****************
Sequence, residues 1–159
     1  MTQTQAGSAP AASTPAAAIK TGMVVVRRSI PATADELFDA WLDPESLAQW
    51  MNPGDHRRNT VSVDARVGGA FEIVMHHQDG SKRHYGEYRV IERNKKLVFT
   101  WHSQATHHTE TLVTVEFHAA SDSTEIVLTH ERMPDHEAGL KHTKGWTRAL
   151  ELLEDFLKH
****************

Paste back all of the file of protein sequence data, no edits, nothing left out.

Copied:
Sequence, residues 1–159
     1  MTQTQAGSAP AASTPAAAIK TGMVVVRRSI PATADELFDA WLDPESLAQW
    51  MNPGDHRRNT VSVDARVGGA FEIVMHHQDG SKRHYGEYRV IERNKKLVFT
   101  WHSQATHHTE TLVTVEFHAA SDSTEIVLTH ERMPDHEAGL KHTKGWTRAL
   151  ELLEDFLKH